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Testimony of Elaine M. Kolb
Before the New Jersey State Senate
Health, Human Services and Senior Citizens Committee
December 15, 2014


Chairman Vitale, Members of the Committee:

My name is Elaine M. Kolb, member of Not Dead Yet & Second Thoughts Connecticut, and I am testifying against the assisted suicide bill, S382.

Thirty-eight years ago, I was stabbed in the back, resulting in a spinal cord injury. Now, at 65, I am also officially old.

Sixteen years ago, at this time, my partner for eleven years, Patti Deak, was in the hospital. Weakened by chronic bronchitis, asthma, scoliosis, and a life-long neuro-muscular disease, she developed pneumonia and both of her lungs collapsed.

Growing up with a disability, which relentlessly became more profound, Patti was told that she should expect to die young. She endured the insults & injuries of a culture which did not recognize her as a full citizen. Her whole life was a struggle for needed equipment, treatments, & services. Remember, it was not until 1975, with the passage of the Education for All Handicapped Children's Act, that public schools were required to even begin to attempt to include and teach children with disabilities.

Prejudice against people with disabilities of all ages continues to be extreme, sometimes deadly. Among those of us with long-term, visible disabilities, we share some terrifyingly, common horror stories. Family, friends, even perfect strangers will say something like, "Oh, I could NEVER be as strong & brave as you are. If that happened to ME, I'd rather be dead." Not a complement. We experience insults, along with every kind of injury.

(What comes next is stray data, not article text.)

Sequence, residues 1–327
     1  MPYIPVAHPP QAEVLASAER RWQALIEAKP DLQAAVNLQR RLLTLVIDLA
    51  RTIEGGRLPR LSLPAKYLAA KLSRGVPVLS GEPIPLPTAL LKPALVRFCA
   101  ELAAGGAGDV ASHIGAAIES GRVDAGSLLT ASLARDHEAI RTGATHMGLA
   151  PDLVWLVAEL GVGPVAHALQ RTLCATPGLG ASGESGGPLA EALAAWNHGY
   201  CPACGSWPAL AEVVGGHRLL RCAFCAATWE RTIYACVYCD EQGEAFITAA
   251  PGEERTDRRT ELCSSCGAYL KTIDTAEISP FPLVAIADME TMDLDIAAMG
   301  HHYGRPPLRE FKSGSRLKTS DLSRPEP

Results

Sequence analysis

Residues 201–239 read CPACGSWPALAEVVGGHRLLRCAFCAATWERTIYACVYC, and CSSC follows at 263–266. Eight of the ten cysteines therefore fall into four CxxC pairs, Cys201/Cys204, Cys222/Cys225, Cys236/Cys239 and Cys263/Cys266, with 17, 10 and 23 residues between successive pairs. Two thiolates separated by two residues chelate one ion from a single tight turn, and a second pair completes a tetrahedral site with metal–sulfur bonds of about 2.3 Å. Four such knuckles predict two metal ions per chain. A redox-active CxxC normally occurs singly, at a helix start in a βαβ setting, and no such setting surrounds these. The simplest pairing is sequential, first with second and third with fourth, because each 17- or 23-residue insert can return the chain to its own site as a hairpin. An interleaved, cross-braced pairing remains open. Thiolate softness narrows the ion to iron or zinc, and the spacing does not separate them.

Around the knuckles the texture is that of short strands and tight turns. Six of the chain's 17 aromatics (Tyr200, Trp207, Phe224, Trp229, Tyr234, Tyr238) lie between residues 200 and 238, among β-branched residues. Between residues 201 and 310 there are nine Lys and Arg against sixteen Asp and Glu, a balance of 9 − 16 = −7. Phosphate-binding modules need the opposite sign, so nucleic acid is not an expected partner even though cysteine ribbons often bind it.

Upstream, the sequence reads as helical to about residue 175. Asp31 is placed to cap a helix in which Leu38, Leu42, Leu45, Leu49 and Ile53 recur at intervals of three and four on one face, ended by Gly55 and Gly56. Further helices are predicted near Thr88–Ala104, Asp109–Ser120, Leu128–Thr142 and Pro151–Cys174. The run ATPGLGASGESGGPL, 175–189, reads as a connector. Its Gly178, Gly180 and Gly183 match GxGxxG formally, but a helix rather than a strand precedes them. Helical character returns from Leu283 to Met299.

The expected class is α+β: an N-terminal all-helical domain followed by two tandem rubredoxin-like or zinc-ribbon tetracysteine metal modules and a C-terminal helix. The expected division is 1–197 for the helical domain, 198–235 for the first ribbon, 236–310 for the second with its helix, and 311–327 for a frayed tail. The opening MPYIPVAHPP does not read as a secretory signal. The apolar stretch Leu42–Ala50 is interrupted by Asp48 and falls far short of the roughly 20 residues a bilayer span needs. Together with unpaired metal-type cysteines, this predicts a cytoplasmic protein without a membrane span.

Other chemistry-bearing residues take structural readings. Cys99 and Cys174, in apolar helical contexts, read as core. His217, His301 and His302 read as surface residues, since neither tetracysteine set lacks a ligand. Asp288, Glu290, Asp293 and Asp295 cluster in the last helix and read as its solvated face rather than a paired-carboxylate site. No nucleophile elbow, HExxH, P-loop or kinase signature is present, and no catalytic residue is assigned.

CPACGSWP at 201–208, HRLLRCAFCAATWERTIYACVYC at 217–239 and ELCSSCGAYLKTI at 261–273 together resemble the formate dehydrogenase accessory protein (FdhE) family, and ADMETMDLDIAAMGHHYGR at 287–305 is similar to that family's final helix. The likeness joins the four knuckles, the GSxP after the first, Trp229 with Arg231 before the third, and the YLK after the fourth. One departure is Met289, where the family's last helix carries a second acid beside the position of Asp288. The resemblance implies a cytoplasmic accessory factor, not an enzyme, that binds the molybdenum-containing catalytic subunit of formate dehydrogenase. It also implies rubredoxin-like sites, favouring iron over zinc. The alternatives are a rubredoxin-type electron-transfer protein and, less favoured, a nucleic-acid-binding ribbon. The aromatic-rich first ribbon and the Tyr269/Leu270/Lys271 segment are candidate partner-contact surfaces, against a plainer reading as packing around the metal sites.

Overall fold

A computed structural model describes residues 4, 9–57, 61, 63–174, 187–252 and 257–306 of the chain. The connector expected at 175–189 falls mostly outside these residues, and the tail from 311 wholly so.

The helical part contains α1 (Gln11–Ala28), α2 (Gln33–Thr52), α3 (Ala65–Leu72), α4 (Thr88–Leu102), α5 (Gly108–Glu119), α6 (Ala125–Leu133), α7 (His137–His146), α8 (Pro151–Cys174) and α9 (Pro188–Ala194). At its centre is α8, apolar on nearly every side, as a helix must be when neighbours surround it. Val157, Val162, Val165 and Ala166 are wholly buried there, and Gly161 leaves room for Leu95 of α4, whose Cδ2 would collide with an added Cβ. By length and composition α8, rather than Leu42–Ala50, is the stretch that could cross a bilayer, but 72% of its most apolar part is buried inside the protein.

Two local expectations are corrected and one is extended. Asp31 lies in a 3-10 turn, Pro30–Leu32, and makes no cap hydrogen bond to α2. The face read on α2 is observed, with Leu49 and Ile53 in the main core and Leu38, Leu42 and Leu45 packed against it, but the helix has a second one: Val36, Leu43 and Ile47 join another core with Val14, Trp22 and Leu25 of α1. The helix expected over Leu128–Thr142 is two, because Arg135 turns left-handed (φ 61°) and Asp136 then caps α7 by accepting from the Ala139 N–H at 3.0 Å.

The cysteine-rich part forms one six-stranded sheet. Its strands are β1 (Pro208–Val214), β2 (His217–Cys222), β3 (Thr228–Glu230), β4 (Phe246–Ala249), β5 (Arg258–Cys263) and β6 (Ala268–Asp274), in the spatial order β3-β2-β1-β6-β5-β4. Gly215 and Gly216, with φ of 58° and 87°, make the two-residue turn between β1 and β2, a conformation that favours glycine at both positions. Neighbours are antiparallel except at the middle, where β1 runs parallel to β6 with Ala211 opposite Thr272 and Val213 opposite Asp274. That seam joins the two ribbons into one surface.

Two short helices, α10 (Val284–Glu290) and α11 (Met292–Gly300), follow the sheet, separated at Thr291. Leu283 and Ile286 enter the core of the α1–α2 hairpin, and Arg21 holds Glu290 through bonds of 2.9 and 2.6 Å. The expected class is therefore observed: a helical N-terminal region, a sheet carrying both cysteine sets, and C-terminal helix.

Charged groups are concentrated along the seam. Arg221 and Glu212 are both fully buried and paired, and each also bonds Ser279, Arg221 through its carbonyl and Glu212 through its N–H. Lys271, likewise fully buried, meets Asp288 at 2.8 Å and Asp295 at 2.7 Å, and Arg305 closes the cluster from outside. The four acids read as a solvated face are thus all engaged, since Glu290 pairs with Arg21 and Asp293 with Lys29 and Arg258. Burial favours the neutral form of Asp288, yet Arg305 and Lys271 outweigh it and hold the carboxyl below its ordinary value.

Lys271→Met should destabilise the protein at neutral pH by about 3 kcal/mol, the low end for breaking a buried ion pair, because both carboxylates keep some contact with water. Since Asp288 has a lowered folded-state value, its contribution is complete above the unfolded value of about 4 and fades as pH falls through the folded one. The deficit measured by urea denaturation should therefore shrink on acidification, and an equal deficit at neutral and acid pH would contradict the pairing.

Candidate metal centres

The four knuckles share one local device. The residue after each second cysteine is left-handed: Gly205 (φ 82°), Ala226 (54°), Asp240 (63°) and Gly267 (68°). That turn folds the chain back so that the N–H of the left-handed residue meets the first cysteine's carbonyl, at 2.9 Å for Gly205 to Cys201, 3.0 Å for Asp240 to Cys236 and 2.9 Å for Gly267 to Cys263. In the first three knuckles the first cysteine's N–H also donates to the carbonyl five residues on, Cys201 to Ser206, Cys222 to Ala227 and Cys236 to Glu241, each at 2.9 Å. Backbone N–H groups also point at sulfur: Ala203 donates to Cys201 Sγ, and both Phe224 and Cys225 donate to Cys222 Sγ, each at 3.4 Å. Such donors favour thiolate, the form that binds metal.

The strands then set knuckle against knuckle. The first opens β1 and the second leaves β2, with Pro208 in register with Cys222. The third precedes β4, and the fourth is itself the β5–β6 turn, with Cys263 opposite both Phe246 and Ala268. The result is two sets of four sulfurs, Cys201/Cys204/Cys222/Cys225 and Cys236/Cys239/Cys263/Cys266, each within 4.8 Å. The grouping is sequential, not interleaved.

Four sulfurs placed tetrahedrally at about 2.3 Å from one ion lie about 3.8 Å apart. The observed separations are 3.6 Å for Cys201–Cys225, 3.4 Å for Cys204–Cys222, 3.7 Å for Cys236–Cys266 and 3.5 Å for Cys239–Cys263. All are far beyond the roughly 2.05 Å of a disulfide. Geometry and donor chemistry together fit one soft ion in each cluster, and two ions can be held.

Patti Deak loved her life & our life together. So, when both lungs collapsed in December 1998, she decided that she was willing to go on a ventilator. Then we had to fight to get to pulmonary rehab at Gaylord Hospital, so she could come home. Sadly, she had further complications & went on hospice care. She died on March 10, 1999. She was forty. Patti Deak lived & died with dignity, with multiple disabilities, using a power wheelchair, hospital bed, hoyer lift, hearing aids, and a ventilator.

When some non-disabled folks talk about "death with dignity", they actually mean "death before disability" or "death before Depends". With cut-backs in so many essential services, the message behind assisted suicide is that death is cost-effective. For those of us in danger of being denied what we need to live, "Compassion & Choice" feels more like "Contempt & Coercion." We want to live with dignity and the recognition that our lives are beautiful & valuable & meaningful, just as we are.

Extend palliative care, hospice services, and end-of-life counseling.

PLEASE do NOT pass assisted suicide in any form, including S382..


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